Post-Traumatic Stress Syndrome occurs due to a number of causes. These causes are grouped as biological, social or psychological ones. According to various researches this syndrome mainly occurs because of the hereditary reasons. A high secretion of the cortisol and increased levels of corticotrophin-releasing hormone represent another biological cause of this disorder. In addition, individuals with a smaller hippocampus tend to bare higher risks of contracting this syndrome. Certain cases of the Post-Traumatic Stress Syndrome occur in individuals, who often panic and portray high rates of anxiety. Victims, carrying the Single-Nucleotide Polymorphism (SNPs), who experience a series of traumatic situations in their childhood, become more vulnerable to this syndrome in their adulthood. In addition, most mental disorders in children are associated with the polymorphism in FKBP5 (rRauch, 2012).
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Another main cause of the syndrome is overconsumption of nicotine, alcohol and drugs. An overuse of alcohol coincides with the FKPB5 polymorphisms. This, coupled with the severity of childhood trauma, leads to an increased vulnerability to the PTSD in the society. Persons that receive very little social support may later display signs of this syndrome. In time of the financial crisis, a person especially requires support from family and friends. Furthermore, in the severe cases of trauma, a person needs psychological help. One may get the syndrome when these forms of support lack. Children, who experience severe incidents of abuse, either the sexually ones or through violence, tend to show this syndrome in adulthood. Moreover, most of the people residing in war zones experience the immense impacts from violence that occurs during the military actions. In war-zones residents lose their beloved ones and experience mass destruction of their homes and businesses. Others become victims of rape and unwanted pregnancies. These circumstances get carried forward by the victims and later lead to the development of the Post-Traumatic Stress Syndrome.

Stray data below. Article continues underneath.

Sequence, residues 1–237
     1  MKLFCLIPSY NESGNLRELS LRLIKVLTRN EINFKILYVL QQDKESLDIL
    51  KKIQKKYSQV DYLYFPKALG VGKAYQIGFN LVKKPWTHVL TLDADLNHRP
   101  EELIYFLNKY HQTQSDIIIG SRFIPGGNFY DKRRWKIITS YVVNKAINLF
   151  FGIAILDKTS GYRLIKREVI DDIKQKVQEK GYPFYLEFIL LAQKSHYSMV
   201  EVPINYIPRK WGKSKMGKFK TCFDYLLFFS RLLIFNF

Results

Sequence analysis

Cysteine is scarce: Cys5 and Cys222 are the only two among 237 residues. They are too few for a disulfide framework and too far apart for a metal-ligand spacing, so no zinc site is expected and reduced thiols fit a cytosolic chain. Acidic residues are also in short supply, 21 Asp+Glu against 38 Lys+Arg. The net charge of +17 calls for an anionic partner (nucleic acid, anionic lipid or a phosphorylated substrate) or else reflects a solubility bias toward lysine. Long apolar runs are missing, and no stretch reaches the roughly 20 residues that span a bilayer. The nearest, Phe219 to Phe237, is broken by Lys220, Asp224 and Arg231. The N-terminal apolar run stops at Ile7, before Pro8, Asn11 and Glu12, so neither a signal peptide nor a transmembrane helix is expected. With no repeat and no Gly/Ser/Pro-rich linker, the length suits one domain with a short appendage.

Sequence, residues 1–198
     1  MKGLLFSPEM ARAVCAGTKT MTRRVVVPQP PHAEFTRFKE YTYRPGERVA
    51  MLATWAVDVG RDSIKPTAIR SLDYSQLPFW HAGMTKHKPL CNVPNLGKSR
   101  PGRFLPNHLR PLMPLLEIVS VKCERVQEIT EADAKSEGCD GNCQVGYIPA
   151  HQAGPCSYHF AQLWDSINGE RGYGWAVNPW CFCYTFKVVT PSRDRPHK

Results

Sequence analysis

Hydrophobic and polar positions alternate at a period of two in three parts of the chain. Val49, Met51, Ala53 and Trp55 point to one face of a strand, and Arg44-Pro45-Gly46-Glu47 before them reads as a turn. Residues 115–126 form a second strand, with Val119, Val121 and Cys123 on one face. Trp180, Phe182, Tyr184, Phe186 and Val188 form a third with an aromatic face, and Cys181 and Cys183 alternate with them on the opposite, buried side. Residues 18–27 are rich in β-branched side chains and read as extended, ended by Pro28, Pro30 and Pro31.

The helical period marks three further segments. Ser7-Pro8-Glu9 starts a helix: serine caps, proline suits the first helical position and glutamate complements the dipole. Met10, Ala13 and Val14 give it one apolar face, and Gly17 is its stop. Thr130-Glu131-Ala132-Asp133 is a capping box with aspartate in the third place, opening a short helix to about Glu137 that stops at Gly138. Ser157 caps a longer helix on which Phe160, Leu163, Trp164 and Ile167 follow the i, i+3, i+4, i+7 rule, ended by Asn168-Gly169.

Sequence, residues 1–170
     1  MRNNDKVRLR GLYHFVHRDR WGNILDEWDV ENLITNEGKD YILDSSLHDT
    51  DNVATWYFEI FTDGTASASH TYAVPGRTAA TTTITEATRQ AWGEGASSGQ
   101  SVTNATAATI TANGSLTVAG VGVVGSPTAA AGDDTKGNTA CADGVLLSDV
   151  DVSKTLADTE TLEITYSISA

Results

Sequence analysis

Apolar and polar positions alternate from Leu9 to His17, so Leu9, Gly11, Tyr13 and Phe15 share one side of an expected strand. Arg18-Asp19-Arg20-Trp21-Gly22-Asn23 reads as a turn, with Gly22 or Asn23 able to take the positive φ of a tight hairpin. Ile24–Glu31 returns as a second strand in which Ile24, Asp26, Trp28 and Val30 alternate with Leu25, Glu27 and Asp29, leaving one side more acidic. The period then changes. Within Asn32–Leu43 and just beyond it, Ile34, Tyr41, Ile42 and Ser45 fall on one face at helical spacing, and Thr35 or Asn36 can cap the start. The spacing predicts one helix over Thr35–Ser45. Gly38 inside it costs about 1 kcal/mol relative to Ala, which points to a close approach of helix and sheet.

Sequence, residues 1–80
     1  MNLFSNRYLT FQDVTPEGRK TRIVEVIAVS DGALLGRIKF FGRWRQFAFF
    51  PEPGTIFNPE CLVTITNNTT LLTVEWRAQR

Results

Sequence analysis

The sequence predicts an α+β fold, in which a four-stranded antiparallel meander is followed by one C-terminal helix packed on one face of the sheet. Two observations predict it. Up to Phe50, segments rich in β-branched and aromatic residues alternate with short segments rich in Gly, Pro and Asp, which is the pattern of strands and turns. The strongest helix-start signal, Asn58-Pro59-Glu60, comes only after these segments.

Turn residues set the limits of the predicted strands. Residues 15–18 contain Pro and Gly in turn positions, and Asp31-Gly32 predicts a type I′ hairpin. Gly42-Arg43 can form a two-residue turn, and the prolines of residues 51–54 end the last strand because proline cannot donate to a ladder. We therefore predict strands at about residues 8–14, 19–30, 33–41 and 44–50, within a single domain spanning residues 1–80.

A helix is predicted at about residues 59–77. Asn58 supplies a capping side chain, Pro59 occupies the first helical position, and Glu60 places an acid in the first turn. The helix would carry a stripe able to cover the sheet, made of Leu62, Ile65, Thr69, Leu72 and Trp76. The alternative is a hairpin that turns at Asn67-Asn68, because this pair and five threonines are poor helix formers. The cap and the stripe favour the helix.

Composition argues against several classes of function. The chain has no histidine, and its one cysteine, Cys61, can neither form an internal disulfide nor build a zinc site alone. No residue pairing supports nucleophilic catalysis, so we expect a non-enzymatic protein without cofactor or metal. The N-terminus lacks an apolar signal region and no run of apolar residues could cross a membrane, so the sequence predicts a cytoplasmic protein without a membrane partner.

A person may witness a traumatizing incident happening to someone else; for example, a murder scene or someone being sexually assaulted. A child may witness his or her parents getting involved in physical violence. All these early childhood traumatic clashes eventually lead to the development of the PTSD in adulthood.
A child that learned how to cope with severe traumatic situations possesses a higher possibility of developing this syndrome. On the other hand, a child that received sufficient support and experienced fewer cases of trauma possesses a lower vulnerability to this syndrome. Certain traumatic experiences occur for a longer period than others do. Thus, a traumatic situation experienced for longer duration poses a greater risk of getting this syndrome. In addition, PTSS occurs easier in cases of interpersonal distress than in intrapersonal distresses. A child may experience severe punishment or extreme cases of poverty. Current encounters in one’s life may also develop some severe stress. All these cases pose high risks of getting the PTSD.
Finally, prisoners of war tend to fall victims of PTSD due to the ruthless forms of punishments they face in prisons. In advanced cases of this kind of a traumatic encounter, a prisoner may develop mental illness that leads to seclusion from other prisoners.